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Healthcare is a core theme of the SDGs. A healthy population is the foundation for a sustainable society, and the Healthcare Business Unit contributes to achieving that objective by providing a range of healthcare equipment and solutions globally, including diagnostic imaging systems, in vitro diagnostics, particle beam therapy systems, radiation therapy systems, and smart operating rooms.
With global population over 7 billion and still growing, regional disparities in healthcare levels and welfare systems are an increasingly visible issue. Despite support for the ideal of universal health coverage (UHC) providing basic healthcare to everyone in the world, for around 800 million impoverished people in developing countries, healthcare costs consume 10% of household income, affecting quality of life. Our unit aims to resolve this issue.
Meanwhile, in developed countries, aging populations are burdening state finances with increased social security costs. Japan in particular has become the world's first “super-aging society.” This has placed its universal insurance scheme in peril, but has also inspired trials of other measures to keep healthcare costs down, like regional comprehensive care and in-home medical care. To ensure that quality of life is increased even as costs are reduced, it is necessary to extend not just the average lifespan but the healthy lifespan. New initiatives in health and productivity management and data-analysis services are beginning to address this, and our business unit contributes to these activities broadly.
Resolving the diversifying healthcare issues of each region is our responsibility, and we see business opportunities both in contributing to cutting-edge healthcare and helping increase healthcare levels in emerging powers. In Japan, both the government and healthcare providers are actively seeking to bring the country's healthcare to emerging powers, which helps our unit's business expand globally.
In the context of these business opportunities, recognizing issues for healthcare providers through medical-engineering cooperation and collaboratively creating innovation with a wide range of technology are among Hitachi's strengths. Another strength for us is our practice of combining all our abilities to contribute to the Social Innovation Business as a whole, rather than simply selling equipment or solutions.
For example, management know-how is widely sought after for major projects in emerging powers, and Hitachi's approach makes it possible to respond to this demand. For emerging powers, pricing is also an issue, and the most appropriate solution must be found for each region's needs. Through collaborative regional activities, we have gradually developed the ability to deeply understand each individual market.
Healthcare is a social system, and it is impossible to ignore the complex relationships between the wide range of stakeholders, including governments, citizens, and healthcare institutions, and regulations on pharmaceutical and other industries. A single mistake could affect the entire system. To reduce those risks, we take measures such as closely examining how medical data is handled during its use.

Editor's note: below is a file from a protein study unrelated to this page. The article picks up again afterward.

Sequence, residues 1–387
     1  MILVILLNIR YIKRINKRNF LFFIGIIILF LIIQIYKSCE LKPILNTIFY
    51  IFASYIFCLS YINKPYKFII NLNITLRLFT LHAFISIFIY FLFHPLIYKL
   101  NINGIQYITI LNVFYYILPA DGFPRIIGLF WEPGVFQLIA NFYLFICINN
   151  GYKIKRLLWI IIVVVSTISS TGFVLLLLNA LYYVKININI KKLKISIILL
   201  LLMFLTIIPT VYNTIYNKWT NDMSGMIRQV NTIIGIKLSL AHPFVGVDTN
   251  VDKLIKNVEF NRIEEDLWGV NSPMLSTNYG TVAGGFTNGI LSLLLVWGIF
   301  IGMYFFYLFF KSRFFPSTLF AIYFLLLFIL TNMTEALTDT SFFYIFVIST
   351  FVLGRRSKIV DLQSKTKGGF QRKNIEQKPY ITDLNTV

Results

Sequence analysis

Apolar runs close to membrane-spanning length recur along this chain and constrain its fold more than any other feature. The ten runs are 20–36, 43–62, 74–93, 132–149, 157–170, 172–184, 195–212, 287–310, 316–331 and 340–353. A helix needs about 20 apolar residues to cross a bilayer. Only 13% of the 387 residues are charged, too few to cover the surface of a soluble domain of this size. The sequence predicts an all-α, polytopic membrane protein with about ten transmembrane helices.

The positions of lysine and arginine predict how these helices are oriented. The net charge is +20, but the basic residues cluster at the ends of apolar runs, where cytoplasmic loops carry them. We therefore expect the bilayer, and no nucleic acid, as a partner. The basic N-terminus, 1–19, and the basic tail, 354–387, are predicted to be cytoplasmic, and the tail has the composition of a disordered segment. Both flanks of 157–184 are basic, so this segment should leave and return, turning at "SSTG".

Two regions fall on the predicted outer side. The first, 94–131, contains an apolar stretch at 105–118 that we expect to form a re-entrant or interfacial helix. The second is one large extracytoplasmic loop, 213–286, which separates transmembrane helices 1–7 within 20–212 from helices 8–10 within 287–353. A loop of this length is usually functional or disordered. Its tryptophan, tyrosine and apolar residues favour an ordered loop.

In both emerging powers and developing countries, healthcare systems and nationwide healthcare service provision are improving at a rapid pace. Providing medical equipment that meets regional needs is vital to this improvement, of course, but so are other factors such as maintenance service schemes and human capital development and training. Hitachi contributes to regional communities in a range of ways; for example, in Indonesia, we support the development of clinical laboratory technicians. Meanwhile, in the capitals and major cities of emerging powers and developing countries, cutting-edge healthcare is rapidly being deployed; in fiscal 2017, we received orders for particle therapy systems. We expect this business to help the Hitachi brand take root firmly in these regions.
Emerging powers and developing countries aim to deploy Japan's advanced healthcare systems in their own territories. Our business unit will continue working with not only healthcare providers and governments but also Medical Excellence JAPAN (MEJ), an organization that promotes the international advancement of health and healthcare, to encourage this. For example, we are currently collaborating with Tokyo Medical and Dental University on a program to create an AI model of specialist medical knowledge of intractable diseases. We believe this could become a viable business not just in Japan but also in emerging powers and developing countries.
Our business unit is focused on Goal 3 of the SDGs: Good health and well being. To achieve this target, it is also necessary to address Goals 1 and 2, which call for the elimination of poverty and hunger. Additionally, as noted above, UHC will require professional development for healthcare providers, making the quality education called for by Goal 4 a necessity. We also contribute to the realization of a wide range of other SDGs through partnerships with stakeholders and provision of environmentally responsible healthcare equipment. Because our business is directly connected to Goal 3, in the past we have tended to emphasize provision of products to customers. Going forward, we will manage our business with more focus on finding the correct solution for each individual challenge, based on our understanding of social issues.